I use my dishwasher just for plates, bowls, glasses and silverware, but all else is washed by hand several times a day.  I pre-wash a lot of the stuff that goes into the dishwasher so it is not a saving me any water.  However, it offers something I love and so I'll always have one even if it isn't hooked up to water.  You see it hides the dishes!  And frees up my sinks and counters - bonus!

I love the idea of using one for drying the dishes - fabulous!

As for germs - not a problem, all this time and I've never had a germ related issue.  I also fall into the camp that believes in mild exposure offers long term resilience.  I am more concerned about soap residue, rather err on the side of germs than soap/chemical residue, but that's just me.  Microwave, what microwave - got rid of mine, then heard it's also good for hiding things 

I think if you have company/help washing by hand can be loads of fun.  A real bonding experience.

charles c. johnson


Joined: Dec 02, 2009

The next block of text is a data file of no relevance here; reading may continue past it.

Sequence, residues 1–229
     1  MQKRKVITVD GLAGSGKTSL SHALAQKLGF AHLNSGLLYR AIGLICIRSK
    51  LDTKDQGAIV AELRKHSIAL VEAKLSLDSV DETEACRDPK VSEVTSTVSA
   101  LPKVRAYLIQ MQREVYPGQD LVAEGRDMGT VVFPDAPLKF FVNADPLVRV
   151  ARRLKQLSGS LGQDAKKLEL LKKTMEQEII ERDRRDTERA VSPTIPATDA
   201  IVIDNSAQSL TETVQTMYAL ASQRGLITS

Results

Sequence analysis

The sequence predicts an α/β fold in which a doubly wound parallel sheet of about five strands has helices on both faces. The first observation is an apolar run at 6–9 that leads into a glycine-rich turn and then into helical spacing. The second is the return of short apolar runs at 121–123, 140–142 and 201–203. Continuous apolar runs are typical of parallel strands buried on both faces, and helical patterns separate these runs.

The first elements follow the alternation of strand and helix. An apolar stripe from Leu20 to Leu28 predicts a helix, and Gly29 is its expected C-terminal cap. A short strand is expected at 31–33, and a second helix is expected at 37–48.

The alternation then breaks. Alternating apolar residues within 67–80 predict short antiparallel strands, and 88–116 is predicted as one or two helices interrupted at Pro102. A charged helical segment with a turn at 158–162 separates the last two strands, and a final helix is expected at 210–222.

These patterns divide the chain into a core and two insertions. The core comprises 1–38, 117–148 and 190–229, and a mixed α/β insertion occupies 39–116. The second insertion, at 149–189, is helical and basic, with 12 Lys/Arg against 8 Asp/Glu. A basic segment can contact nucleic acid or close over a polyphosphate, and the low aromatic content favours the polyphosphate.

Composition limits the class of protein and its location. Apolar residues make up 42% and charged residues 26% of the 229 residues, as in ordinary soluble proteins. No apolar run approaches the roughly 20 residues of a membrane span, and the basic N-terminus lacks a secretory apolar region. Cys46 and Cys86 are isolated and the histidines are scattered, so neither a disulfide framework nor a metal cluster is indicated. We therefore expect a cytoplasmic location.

Posts: 369
im not sure why the fuss over germs. paul seems to be using clean water to rinse of the dishes and the rinse water to wash more .

also germ don't live on dry things once the dishes air dry they  are germ free
would you hnestly stack your plates wet

germ/ mold need food and water to live paul washed off the food and dried the water

so unless you forget to was your hands before you put them away it's cool
Burra Maluca
Mother Tree

Joined: Apr 03, 2010
Posts: 4432
Location: Portugal Zone 9 Mediterranean Climate
    
165
Jami McBride wrote:
  However, it offers something I love and so I'll always have one even if it isn't hooked up to water.   You see it hides the dishes!  And frees up my sinks and counters - bonus!


I thought that was what the oven was for?     Though I might be wrong.  I never was very good at this housekeeping thing...


What is a Mother Tree ?
                        


Joined: May 26, 2010
Posts: 278
Location: Iowa, border of regions 5 and 6
don miller; MountainDon wrote:
I forgot something. It would be very interesting to see two or three trials run. Number one hand washing as demonstrated. Second, a good but more run of the mill, likely to be found in most homes machine. Third the super duper Bosch. Run the same size and same amount of dirty dishes through all three. Then swab the dishes and run cultures. Also run a fourth set of cultures off some plates that have been sitting there in the cupboard for a few days, or a week.  Also devise some test to determine if soap residue is rinsed as complete by the hand method vs the machines.